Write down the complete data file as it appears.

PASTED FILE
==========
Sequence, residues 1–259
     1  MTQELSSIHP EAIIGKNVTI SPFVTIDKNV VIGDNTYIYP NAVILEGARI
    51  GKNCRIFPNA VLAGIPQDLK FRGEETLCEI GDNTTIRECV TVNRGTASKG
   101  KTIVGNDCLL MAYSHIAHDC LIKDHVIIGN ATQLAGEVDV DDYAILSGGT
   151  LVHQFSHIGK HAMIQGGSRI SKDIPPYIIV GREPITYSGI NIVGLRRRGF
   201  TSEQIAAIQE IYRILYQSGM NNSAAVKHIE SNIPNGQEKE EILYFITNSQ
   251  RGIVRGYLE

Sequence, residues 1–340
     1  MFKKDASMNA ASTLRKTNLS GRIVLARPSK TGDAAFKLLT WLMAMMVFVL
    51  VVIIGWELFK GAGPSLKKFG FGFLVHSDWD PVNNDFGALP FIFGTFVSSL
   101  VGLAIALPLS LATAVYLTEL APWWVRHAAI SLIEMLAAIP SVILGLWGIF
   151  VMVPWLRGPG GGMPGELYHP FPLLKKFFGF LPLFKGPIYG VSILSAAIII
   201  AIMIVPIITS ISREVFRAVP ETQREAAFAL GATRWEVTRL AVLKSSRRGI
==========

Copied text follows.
Sequence, residues 1–259
     1  MTQELSSIHP EAIIGKNVTI SPFVTIDKNV VIGDNTYIYP NAVILEGARI
    51  GKNCRIFPNA VLAGIPQDLK FRGEETLCEI GDNTTIRECV TVNRGTASKG
   101  KTIVGNDCLL MAYSHIAHDC LIKDHVIIGN ATQLAGEVDV DDYAILSGGT
   151  LVHQFSHIGK HAMIQGGSRI SKDIPPYIIV GREPITYSGI NIVGLRRRGF
   201  TSEQIAAIQE IYRILYQSGM NNSAAVKHIE SNIPNGQEKE EILYFITNSQ
   251  RGIVRGYLE

Sequence, residues 1–340
     1  MFKKDASMNA ASTLRKTNLS GRIVLARPSK TGDAAFKLLT WLMAMMVFVL
    51  VVIIGWELFK GAGPSLKKFG FGFLVHSDWD PVNNDFGALP FIFGTFVSSL
   101  VGLAIALPLS LATAVYLTEL APWWVRHAAI SLIEMLAAIP SVILGLWGIF
   151  VMVPWLRGPG GGMPGELYHP FPLLKKFFGF LPLFKGPIYG VSILSAAIII
   201  AIMIVPIITS ISREVFRAVP ETQREAAFAL GATRWEVTRL AVLKSSRRGI